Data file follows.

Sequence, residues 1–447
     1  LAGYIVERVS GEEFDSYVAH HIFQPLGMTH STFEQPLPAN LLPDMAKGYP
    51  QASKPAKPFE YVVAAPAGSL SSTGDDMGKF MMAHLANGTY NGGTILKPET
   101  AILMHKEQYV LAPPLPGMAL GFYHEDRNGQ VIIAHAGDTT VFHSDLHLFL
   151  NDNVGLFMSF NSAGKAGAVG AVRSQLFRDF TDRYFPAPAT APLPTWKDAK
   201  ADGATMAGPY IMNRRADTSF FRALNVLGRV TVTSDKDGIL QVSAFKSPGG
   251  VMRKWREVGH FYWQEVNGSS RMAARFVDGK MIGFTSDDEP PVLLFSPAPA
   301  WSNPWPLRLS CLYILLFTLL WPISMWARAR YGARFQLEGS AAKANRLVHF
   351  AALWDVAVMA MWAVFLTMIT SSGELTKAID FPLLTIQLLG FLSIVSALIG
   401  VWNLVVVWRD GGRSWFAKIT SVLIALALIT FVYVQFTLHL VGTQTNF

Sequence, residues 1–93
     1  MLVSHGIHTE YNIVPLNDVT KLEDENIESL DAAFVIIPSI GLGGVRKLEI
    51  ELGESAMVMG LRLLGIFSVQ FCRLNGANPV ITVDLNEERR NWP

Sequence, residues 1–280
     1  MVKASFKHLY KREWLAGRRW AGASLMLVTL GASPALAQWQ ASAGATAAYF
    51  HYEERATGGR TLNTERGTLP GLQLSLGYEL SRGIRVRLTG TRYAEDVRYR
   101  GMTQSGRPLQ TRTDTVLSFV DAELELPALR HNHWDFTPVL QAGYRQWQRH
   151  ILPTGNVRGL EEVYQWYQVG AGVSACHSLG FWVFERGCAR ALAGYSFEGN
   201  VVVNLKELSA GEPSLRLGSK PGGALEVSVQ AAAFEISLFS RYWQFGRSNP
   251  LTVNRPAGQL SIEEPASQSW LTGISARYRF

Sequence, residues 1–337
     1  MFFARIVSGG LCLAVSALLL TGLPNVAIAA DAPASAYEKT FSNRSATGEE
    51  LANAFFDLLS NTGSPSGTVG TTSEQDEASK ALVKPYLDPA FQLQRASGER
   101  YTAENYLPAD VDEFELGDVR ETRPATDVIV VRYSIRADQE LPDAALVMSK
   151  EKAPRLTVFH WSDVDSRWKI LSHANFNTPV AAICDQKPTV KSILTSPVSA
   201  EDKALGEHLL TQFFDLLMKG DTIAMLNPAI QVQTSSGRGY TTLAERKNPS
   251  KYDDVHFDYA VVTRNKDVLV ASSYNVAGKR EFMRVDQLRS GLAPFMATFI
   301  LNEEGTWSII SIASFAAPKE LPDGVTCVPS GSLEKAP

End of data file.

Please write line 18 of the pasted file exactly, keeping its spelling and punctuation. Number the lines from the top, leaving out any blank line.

   151  ILPTGNVRGL EEVYQWYQVG AGVSACHSLG FWVFERGCAR ALAGYSFEGN